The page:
Parvovirus B19 in Children with Juvenile Idiopathic Arthritis

Document Type: Original article

Authors

1 Department of Pediatric Rheumatology, Mofid Children’s Hospital, Shahid Beheshti University of Medical Sciences, Tehran, Iran

2 Subspecialist in Pediatric Infectious Diseases, Associate Professor, Pediatric Infections Research Center. Research Institute for Children Health, Shahid Beheshti University of Medical Sciences, Tehran, Iran.

3 Pediatric Infectious Research Center, Research Institute for Children Health, Shahid Beheshti University of Medical Sciences, Tehran, Iran

Abstract

Background: The causal role of Parvovirus B19 (B19V) in Juvenile Idiopathic Arthritis (JIA) is still a matter of debate. In this study, an attempt was made to investigate the frequency of B19V infection and the association between patients’ characteristics and B19V infection in children with JIA.
Methods: Synovial fluid samples were obtained from 27 children (13 boys, 14 girls, aged 3-16 years) with JIA and were analyzed by polymerase chain reaction to detect B19V DNA. Age, sex, number of involved joints, time elapsed between beginning of symptoms and arthrocentesis, serum Erythrocyte Sedimentation Rate (ESR) and C-Reactive Protein (CRP) were compared between JIA patients with and without B19V.
Results: Six patients (22.2%) were B19V+. There was no significant association between presence of B19V DNA in synovial fluid and number of joints involved, duration of disease, treatment with Disease-Modifying Anti rheumatic Drugs (DMARD) or glucocorticoid therapy and mean ESR and CRP levels. However, there was a slightly significant relationship between sex and age and detection of B19V DNA in the synovial fluid of JIA patients.
Conclusion: Our study demonstrated a 22% prevalence of B19V infection in JIA patients, and also that there was a significant relationship between sex and age and detection of B19V DNA in the synovial fluid of JIA patients.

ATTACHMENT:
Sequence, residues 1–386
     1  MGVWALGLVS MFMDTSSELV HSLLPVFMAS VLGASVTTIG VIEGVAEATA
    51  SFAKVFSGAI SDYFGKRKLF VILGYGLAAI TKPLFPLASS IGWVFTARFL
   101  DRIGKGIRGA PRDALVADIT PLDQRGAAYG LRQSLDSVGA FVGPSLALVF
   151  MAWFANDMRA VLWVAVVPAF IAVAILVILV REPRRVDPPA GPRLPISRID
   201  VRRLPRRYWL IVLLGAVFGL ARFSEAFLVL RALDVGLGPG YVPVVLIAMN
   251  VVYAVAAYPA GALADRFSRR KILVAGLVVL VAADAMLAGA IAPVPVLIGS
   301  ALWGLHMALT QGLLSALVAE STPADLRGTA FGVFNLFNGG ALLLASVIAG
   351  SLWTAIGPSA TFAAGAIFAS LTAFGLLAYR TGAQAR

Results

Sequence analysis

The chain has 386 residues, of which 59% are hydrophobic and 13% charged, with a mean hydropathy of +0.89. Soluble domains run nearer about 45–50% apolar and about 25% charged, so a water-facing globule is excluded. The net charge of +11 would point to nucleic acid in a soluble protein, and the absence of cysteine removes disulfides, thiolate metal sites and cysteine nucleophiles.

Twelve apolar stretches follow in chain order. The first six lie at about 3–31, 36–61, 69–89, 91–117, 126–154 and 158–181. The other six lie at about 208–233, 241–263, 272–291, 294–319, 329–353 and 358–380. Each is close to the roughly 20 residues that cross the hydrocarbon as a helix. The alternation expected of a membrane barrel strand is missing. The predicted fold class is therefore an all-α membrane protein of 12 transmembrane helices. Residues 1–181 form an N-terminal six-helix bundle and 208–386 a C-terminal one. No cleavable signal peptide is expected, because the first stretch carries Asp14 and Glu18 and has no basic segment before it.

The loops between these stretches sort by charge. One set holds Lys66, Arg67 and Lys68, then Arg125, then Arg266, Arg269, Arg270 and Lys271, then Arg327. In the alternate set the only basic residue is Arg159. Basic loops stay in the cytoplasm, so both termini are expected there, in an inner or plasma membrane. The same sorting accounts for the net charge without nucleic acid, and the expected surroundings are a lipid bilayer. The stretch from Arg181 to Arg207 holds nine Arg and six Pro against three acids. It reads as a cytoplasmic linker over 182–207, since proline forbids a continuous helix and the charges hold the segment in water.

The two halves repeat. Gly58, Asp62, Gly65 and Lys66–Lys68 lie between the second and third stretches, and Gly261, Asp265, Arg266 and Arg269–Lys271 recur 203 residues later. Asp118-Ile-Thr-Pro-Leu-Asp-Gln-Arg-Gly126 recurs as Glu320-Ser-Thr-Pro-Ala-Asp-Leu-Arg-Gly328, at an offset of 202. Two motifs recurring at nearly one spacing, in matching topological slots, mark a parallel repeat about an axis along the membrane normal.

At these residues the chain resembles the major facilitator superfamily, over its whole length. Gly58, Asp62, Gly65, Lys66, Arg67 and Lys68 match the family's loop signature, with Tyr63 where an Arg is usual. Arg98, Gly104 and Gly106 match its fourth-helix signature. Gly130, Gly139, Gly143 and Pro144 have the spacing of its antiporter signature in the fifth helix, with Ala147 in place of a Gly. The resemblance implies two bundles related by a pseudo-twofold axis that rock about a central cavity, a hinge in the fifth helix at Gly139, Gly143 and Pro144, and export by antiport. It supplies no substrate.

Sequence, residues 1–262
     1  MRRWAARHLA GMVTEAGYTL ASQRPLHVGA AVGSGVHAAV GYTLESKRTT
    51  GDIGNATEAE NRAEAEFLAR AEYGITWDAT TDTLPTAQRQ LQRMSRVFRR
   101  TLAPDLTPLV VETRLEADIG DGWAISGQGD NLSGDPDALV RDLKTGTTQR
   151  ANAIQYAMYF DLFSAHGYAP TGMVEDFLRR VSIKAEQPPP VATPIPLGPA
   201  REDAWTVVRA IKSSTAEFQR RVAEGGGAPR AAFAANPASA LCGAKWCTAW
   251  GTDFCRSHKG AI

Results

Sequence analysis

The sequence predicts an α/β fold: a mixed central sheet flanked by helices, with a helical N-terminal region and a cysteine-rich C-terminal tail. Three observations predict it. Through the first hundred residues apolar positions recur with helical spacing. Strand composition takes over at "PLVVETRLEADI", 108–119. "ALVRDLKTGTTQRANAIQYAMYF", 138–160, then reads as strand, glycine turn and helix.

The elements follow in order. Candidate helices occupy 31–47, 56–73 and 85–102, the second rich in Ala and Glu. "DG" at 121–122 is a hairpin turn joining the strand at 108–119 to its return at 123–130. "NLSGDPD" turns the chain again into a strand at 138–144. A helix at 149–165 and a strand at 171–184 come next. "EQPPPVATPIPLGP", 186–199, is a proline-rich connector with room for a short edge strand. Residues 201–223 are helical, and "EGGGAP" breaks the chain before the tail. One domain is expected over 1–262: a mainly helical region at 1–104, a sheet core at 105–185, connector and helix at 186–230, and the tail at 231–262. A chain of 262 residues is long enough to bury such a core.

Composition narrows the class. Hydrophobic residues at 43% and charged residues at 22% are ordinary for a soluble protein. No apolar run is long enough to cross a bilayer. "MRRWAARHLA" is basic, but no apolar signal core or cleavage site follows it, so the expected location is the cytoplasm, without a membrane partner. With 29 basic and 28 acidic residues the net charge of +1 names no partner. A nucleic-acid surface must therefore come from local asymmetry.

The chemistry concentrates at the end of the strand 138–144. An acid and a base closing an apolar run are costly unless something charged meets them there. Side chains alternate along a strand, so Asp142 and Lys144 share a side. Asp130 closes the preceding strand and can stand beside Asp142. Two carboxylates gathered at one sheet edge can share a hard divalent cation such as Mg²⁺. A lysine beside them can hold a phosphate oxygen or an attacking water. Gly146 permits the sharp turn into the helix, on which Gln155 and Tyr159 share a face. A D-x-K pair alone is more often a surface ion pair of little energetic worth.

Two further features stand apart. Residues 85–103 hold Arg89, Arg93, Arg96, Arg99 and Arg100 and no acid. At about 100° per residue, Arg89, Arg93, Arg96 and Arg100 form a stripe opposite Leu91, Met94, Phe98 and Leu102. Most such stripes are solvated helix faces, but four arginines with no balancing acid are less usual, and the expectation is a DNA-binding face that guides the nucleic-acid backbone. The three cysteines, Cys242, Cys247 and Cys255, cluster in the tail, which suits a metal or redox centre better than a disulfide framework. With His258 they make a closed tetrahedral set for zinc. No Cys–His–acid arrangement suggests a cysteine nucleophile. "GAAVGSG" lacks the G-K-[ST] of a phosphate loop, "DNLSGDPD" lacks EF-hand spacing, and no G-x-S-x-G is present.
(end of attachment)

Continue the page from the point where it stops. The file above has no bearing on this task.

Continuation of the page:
Keywords


Introduction

Parvovirus B19 (B19V) is a DNA virus of the family Parvoviridae which is classified as a member of the genus Erythrovirus due to its tropism for erythroid precursors (1). In immunocompetent individuals, B19V is primarily known as the causative agent of erythema infectiosum, a self-limiting exanthematous disease mainly affecting children aged 5-15 years; however, B19V infection can lead to serious complications such as chronic anemia and lethal cytopenias in immunocompromised hosts (2,3).

B19V infection can also induce arthropathy in about 8% of infected children and up to 80% of infected adults, manifesting as arthralgia and/or arthritis (4). In adults, B19V-related arthritis often resembles Rheumatoid Arthritis (RA), i.e. an acute, symmetric polyarthritis mainly involving proximal interphalangeal and metacarpophalangeal joints, knees, wrists and ankles, accompanied by prominent morning stiffness and even a positive Rheumatoid Factor (RF) test (2-4). On the other hand, the arthritis in children is often asymmetric and pauciarticular, and often involves knee joints and mimics oligoarticular Juvenile Idiopathic Arthritis (JIA) (4).

The association between B19V infection and chronic arthritis has been previously investigated; however, the nature of this association is still a matter of debate. Some studies have demonstrated the role of B19V in the etiopathogenesis of RA and JIA. A higher prevalence of B19V DNA and/or anti B19V-specific antibodies in JIA patients compared to controls has been previously reported (5,6). Moreover, there is evidence of a correlation between the clinical activity of RA and B19V infection (7,8). On the other hand, it has been shown that the percentage of anti B19V-IgG positive JIA children doesn’t significantly differ from age-matched control groups (9).

B19V infection may also be associated with disease activity, level of cytokines and clinical outcomes in chronic arthritis. It has been reported that B19V infection is significantly associated with higher disease activity and aggressiveness (9), increased plasma levels of IL-6 (8) and higher rate of clinical complications (10) in RA patients. However, in both studies, the study populations were limited to adult patients with RA (8,10). 

The aim of the present study was to investigate the prevalence of B19V infection in patients with a confirmed diagnosis of JIA. Also, the possible association between B19V infection and clinical manifestations was investigated in children diagnosed with JIA.

 

Materials and Methods